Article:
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[ Single Dose Medication Often Avoids Serious Complication Of Gastrointestinal Procedure ]

Single Dose Medication Often Avoids Serious Complication Of Gastrointestinal Procedure

A study in the current issue of the New England Journal of Medicine shows a serious complication of ERCP, a procedure commonly used to diagnose and treat problems of the bile and pancreatic ducts, may be eliminated with a single dose medication. The finding is significant in helping patients avoid a condition known as post-ERCP pancreatitis, a disabling complication that affects up to 1 in 4 high-risk patients who undergo the gastrointestinal procedure. Despite decades of research, this clinical trial is the first to clearly demonstrate effective prevention of post-ERCP pancreatitis. The trial ended early after an interim analysis showed clear safety and benefit for the first 600 patients enrolled. The findings are already changing clinical practice. "ERCP is a very important procedure that can provide life-saving interventions for people who need it, although it is considered the most invasive of all the endoscopic procedures and it does have risks associated with it, " says lead study author and gastroenterologist B.

Critical Genes Mutated In Stomach Cancer Identified

An international team of scientists, led by researchers from the Duke-NUS Graduate Medical School (Duke-NUS) in Singapore and National Cancer Centre of Singapore, has identified hundreds of novel genes that are mutated in stomach cancer, the second-most lethal cancer worldwide. The study, which appears online in Nature Genetics, paves the way for treatments tailored to the genetic make-up of individual stomach tumors. Stomach cancer is the second leading cause of cancer death globally with more than 700, 000 deaths each year, and is particularly common in East Asia. Treatment of this deadly disease is often difficult and unsuccessful because of late detection of tumors and a poor understanding of the causes. In the United States, less than a quarter of patients survive more than five years after diagnosis, even after treatment.

Rectal Indomethacin Reduces Post-ERCP Pancreatitis Risk

The incidence of pancreatitis after ERCP was considerably reduced if patients were administered rectal indomethacin after their procedure, researchers from the University of Michigan Health System and Indiana University Medical Center reported in NEJM (New England Journal of Medicine. ERCP (endoscopic retrograde cholangiopancreatography) is a procedure that is commonly utilized to treat or diagnose problems of the bile and pancreatic ducts. The authors explained that their findings may lead to a simple treatment that could prevent a condition called post-ERCP pancreatitis, a complication that can affect up to one quarter of all patients who undergo ERCP. Even though this complication has been studied for years, this clinical trial is the first to compellingly show how effectively post-ERCP pancreatitis can be avoided.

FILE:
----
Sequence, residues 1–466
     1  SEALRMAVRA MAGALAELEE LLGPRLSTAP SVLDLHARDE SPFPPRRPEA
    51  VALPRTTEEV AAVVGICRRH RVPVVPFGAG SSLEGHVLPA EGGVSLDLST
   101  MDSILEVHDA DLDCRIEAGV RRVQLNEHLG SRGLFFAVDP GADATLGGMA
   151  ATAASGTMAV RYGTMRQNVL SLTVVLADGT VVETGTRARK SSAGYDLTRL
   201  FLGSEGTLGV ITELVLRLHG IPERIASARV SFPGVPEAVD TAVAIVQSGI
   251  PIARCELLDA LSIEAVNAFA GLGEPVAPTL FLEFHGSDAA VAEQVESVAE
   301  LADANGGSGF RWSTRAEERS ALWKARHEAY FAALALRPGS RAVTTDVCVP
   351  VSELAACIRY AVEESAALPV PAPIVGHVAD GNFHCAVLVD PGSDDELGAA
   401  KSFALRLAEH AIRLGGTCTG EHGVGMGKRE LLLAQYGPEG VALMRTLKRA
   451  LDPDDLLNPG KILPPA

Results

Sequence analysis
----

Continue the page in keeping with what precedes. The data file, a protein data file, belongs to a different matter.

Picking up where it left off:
Enzyme In Saliva Helps Regulate Blood Glucose

Scientists from the Monell Center report that blood glucose levels following starch ingestion are influenced by genetically-determined differences in salivary amylase, an enzyme that breaks down dietary starches. Specifically, higher salivary amylase activity is related to lower blood glucose. The findings are the first to demonstrate a significant metabolic role for salivary amylase in starch digestion, suggesting that this oral enzyme may contribute significantly to overall metabolic status. Other implications relate to calculating the glycemic index of starch-rich foods and ultimately the risk of developing diabetes. "Two individuals may have very different glycemic responses to the same starchy food, depending on their amylase levels, " said lead author Abigail Mandel, Ph.D., a nutritional scientist at Monell.

Gut Bacteria Affect Intestinal Blood Vessel Formation

Researchers at the Sahlgrenska Academy at the University of Gothenburg, Sweden, have discovered a previously unknown mechanism which helps intestinal bacteria to affect the formation of blood vessels. The results, which are presented in Nature, may provide future treatments of intestinal diseases and obesity. There are ten times more bacteria in our intestines than cells in the human body. However, we know relatively little about how the normal gut microbiota functions and the resulting effects on our physiology. Previously unknown mechanism In a study of mice, researchers at the University of Gothenburg's Sahlgrenska Academy have discovered a previously unknown mechanism by which gut microbiota influences intestinal physiology and blood vasculature remodelling. The results, which are published in the online version of the highly respected scientific journal Nature, open up future opportunities to control the intestine's absorption of nutrients, which in turn may be used to treat conditions such as intestinal diseases and obesity.

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